FAQ on how to get started in Computing Education Research: A Dagstuhl Seminar Outcome
At the recent Dagstuhl seminar on CS Ed, Andy Ko started an FAQ — what someone wanting to get started in computing education research needs to know. He’s released it now (with lots of contributors and reviewers). I highly recommend it!
Computing education research (CER) is the study of how people learn computing and the invention of better ways to teach computing. Read this FAQ end to end to learn more about the field and how you might contribute to it.
What is computing education research?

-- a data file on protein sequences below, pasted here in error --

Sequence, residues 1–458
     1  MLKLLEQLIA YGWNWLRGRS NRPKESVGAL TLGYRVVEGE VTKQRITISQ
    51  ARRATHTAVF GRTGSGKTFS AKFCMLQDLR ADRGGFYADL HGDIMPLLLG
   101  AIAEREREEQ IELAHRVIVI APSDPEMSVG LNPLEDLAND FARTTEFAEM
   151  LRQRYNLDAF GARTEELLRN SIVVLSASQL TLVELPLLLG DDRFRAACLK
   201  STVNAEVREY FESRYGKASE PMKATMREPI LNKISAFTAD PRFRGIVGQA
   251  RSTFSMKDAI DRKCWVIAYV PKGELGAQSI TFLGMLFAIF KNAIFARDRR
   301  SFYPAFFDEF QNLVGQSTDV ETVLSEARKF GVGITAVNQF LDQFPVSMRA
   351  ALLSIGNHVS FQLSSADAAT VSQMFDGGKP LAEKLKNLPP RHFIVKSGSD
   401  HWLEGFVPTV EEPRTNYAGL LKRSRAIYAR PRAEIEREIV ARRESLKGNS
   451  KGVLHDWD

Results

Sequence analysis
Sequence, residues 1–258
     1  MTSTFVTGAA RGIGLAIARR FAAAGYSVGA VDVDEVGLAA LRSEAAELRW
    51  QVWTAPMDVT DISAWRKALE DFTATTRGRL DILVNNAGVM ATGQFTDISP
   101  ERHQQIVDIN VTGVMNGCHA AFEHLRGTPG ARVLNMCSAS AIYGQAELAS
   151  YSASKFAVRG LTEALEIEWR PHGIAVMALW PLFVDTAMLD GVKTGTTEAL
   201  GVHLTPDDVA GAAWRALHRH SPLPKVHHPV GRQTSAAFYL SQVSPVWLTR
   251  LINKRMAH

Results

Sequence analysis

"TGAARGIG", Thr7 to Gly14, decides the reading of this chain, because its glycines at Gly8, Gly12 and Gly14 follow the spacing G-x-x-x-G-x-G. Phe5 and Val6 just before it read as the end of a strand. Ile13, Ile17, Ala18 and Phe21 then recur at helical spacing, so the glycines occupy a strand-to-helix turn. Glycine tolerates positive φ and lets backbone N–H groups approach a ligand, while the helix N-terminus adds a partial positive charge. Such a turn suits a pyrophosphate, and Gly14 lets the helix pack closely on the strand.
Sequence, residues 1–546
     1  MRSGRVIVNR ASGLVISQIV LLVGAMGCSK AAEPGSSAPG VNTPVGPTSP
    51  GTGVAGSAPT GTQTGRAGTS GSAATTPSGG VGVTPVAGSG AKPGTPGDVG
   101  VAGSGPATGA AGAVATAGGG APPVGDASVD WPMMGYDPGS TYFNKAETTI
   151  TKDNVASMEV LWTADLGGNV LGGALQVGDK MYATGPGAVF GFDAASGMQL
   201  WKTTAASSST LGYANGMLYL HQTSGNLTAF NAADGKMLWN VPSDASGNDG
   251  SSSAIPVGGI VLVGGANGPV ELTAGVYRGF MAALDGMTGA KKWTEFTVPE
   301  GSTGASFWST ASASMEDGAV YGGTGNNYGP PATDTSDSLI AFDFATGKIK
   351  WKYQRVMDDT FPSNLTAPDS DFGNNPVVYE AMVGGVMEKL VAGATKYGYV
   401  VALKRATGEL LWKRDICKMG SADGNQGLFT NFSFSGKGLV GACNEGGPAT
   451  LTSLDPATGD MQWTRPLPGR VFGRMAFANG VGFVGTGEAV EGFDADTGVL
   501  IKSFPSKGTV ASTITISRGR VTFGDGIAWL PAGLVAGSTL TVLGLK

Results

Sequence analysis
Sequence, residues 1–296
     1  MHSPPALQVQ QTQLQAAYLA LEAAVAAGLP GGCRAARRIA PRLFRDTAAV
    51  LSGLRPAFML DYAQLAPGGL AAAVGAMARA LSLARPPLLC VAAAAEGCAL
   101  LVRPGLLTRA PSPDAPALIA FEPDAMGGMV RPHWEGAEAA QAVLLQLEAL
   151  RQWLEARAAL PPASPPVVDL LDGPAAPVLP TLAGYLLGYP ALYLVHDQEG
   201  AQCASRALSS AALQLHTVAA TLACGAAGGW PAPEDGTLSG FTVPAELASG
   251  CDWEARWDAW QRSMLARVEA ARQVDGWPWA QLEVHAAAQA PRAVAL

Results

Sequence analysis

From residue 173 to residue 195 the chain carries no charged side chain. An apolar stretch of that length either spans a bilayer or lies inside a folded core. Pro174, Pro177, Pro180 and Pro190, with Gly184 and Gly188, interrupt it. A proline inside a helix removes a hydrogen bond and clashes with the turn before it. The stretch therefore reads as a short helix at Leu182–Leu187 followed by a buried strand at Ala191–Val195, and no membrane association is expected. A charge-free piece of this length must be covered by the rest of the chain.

First, CER is not teaching. Teaching is helping people acquire knowledge, skills, attitudes and beliefs. Research is discovering truth and inventing solutions. Teachers teach computing, whereas computing education researchers discover what is true about the teaching and learning of computing, and invent new techniques for teaching and assessing it (some pedagogical, some computational). It’s also important to note that I construe “computing” broadly: it’s not just about programming, or even just about computer science, but also about all of the phenomena surrounding computing (including privacy, security, information ethics, software engineering, etc.). This means that computing education and computing education research can and do cover far more than just learning to code.